Stop blaming ageism, ladies - you've had your moment on TV, says Sue
Sue Lawley, the veteran broadcaster, says her female contemporaries should stop blaming ageism for the demise of their careers and just enjoy the fact they had their "moments in the sun".
The 65-year-old, one of the so-called golden girl presenters, along with Moira Stuart, Anna Ford and Angela Rippon, said the BBC should be allowed to employ whoever it wants in front of the camera regardless of age and looks.
She said that if and when the time comes that "they don't want us, well that happens" and then people should be glad they had the opportunity in the first place.
The comments by Lawley, whose 36-year-career included anchoring the BBC Nine O'Clock News and Desert Island Discs, fly in the face of many of her similar aged broadcasters.
Stuart (61), Ford (67) and Rippon (66) have all spoken out claiming that women, unlike men, are sidelined by broadcasters when they get older.
Miriam O'Reilly (53) the former Countryfile host, won an age discrimination claim against the corporation.
"I believe the broadcasters have the right to put on the front of their programmes the people that they want," said Lawley.
"Whether their judgment is correct is another matter.
"Those of us who have appeared on TV have enjoyed our moments in the sun and if, after five years, they don't want us, well that happens."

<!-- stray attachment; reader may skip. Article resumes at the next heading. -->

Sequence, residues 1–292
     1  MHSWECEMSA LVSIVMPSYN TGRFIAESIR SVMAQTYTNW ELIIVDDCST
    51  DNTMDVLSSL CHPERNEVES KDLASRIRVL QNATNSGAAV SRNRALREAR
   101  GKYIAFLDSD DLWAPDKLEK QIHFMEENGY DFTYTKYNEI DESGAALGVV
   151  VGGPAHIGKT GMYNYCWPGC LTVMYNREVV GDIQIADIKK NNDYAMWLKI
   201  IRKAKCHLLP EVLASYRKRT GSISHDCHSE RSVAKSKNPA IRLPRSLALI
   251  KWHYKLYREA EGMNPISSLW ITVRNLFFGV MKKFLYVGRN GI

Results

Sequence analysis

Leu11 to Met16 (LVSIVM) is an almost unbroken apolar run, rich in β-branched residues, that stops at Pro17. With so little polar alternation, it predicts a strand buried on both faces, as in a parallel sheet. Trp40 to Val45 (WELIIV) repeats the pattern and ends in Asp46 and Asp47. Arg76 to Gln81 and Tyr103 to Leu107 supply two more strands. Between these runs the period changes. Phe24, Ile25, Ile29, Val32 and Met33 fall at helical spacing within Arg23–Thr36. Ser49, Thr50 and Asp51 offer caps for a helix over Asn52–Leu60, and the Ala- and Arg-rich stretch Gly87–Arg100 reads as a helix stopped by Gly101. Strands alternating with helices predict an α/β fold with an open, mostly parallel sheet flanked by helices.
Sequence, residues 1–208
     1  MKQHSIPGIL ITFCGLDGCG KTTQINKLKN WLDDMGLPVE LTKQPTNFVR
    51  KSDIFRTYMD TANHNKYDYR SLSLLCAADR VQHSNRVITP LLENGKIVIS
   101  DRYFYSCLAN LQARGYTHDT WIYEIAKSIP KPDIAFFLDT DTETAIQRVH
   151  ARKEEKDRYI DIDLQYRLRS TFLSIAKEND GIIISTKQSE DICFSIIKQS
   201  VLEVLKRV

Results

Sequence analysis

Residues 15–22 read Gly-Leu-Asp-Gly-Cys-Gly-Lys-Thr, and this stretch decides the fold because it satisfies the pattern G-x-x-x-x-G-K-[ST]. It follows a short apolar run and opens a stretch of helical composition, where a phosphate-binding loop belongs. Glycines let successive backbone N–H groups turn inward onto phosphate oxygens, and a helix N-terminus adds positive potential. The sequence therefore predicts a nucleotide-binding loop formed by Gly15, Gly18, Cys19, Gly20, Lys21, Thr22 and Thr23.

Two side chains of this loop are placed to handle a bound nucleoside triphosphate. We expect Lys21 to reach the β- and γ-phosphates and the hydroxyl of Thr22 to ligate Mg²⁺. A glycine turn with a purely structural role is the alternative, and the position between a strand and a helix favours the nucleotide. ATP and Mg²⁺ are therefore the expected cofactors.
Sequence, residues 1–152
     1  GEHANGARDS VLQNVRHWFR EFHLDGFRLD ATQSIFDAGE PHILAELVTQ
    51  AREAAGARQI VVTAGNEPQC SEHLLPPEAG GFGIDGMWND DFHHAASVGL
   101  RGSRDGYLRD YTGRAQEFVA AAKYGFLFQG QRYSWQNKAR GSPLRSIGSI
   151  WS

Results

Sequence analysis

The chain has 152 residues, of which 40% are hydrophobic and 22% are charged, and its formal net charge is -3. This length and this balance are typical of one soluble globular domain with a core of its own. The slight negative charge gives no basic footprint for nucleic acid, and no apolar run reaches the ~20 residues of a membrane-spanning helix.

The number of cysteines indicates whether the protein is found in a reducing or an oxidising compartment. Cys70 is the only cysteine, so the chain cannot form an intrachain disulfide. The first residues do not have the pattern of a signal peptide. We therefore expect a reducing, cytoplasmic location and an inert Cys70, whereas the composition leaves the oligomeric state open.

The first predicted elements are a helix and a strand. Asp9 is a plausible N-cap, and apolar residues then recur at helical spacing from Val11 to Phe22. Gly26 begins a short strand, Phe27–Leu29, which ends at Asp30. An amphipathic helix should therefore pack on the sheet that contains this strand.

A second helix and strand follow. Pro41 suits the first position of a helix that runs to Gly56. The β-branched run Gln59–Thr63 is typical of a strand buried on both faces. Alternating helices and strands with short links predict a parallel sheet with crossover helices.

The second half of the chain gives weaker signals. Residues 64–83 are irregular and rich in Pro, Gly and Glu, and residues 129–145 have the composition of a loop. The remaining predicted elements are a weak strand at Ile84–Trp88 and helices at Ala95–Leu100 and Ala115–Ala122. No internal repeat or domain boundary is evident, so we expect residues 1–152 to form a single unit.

Lawley, who recently became a grandmother, effectively retired from full-time presenting in 2008. She said that the idea that women could have it all was a myth and that she had had to make many compromises in her career.
"Women can't 'have it all' and if you chose to have a career as well as a family there will always be compromises," she said.
"I might have missed a child's first word or first step or a performance in a school production but they, and I, have survived.
She said she was offered Breakfast TV and the Today programme on Radio Four, but turned it down for personal reasons.
She said she was not a fan of the current trend of newscasters "standing up and waving their arms around", preferring the more traditional approach of being behind the desk delivering the news as straight and objectively as possible.
Lawley was speaking in an interview with her local paper in Devon where she and her second husband Hugh Williams, a television executive, spend much of their time.
Her comments are likely to reignite the debate about sexism and ageism in broadcasting, especially at the BBC.
In 2007, Ford said she was exasperated with "on-screen" ageism. She also criticised the dumbing-down of standards and berated the BBC for ignoring its older viewers.
Likewise Rippon and Stuart have argued that unlike their male counterparts they were retired by their bosses for being "too old" as they approached 60.